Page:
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With Corporate Travel on the Outs, Do Consumers Win?

President Obama created a flap last month when he told a town hall meeting in Indiana “You can’t get corporate jets, you can’t go take a trip to Las Vegas or go down to the Super Bowl on the taxpayer’s dime.” He was speaking, of course, of companies using bailout money to fund lavish trips for their employees. Seems reasonable enough, right? Not if you happen to live in a city that depends on business travel to survive.

Las Vegas is one such city, and has been hit hard by the recession and concurrent drop in tourism. Las Vegas mayor Oscar Goodman was irked by Obama’s comments, and asked for an apology from the president, as well as a clarification that he was not criticizing the city itself but rather excessive corporate spending.

Which brings us to the crux of the issue: Is corporate travel in a recession just wasteful spending, or is it a lifeline for cities floundering in a down economy? On the one hand you have huge, struggling companies—many of which are at the center of the financial meltdown and have accepted government bailout money—spending money on travel. On the other, you’ve got cities that rely on conventions for revenue and suffer when business travel is discouraged. Does that make corporate travel, which for many represents the excessive greed that caused this whole mess, a necessary evil?

If you ask people like Mayor Goodman, the answer would seem to be “yes.” But for regular travelers, the drop in business travel could be a good thing. Cities that rely on business travel have no choice but to slash prices and go after the leisure market—no easy task in a recession—and that means deals, deals, and more deals. Priceline recently put out a list of “convention cities” feeling the brunt of the business travel drop, and suggests leisure travelers look there for lower prices. Our own Deal Detective, Kate Hamman, just unearthed a host of deals to Las Vegas in particular, and it stands to reason deals will keep coming so long as executives aren’t traveling on the company dime.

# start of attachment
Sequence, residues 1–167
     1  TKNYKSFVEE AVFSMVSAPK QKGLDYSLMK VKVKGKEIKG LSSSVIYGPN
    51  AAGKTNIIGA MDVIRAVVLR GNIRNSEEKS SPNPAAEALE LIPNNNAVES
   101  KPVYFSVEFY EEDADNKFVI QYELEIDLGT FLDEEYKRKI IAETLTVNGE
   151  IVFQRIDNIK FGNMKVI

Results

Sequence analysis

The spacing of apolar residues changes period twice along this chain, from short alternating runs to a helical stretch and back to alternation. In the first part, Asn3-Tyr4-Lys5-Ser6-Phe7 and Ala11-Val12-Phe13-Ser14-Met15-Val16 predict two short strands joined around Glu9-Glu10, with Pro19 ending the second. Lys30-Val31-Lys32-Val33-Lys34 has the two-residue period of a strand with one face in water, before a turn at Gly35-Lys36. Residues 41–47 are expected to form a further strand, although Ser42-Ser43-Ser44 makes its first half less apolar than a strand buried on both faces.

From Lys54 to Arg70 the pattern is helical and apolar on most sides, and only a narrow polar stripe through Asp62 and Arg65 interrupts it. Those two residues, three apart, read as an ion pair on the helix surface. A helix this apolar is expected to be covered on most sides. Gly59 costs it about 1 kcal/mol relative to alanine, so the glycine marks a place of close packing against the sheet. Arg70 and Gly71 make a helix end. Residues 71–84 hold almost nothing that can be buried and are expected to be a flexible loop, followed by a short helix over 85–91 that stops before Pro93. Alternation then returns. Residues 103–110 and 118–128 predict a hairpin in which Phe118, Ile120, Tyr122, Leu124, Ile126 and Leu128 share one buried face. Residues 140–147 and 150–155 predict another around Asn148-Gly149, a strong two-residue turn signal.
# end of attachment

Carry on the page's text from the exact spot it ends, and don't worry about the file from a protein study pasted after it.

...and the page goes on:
But back to business travel, because there really are two sides to this story. The public backlash against free-wheeling travel budgets, and the downward pressure from Obama himself to curtail wasteful corporate spending, has companies cutting back. A drop in convention attendance and corporate travel overall has wide-ranging ramifications on a city’s tourism industry. Countless jobs are at stake, from bellhops to line cooks to housekeepers. USA Today reports that “Incentive trips, meetings and events account for 15% of all travel spending, which creates 2.4 million jobs, $240 billion in spending and $39 billion in tax revenue, according to the U.S. Travel Association.”

Still, I think it’s safe to say the public’s anger will take a while to simmer down, meaning big corporations will likely keep the kibosh on travel firmly in place for the near term. Just how deeply that cuts into the revenue of big convention cities is anyone’s guess, but the outlook is not good.

I’d like you to weigh in. How do you view corporate travel in this current economic crisis? Is luxury travel a necessary part of big business to begin with, or is it just wasteful? Have you seen deals to so-called “convention cities?” Leave a comment below with your thoughts. Thanks!

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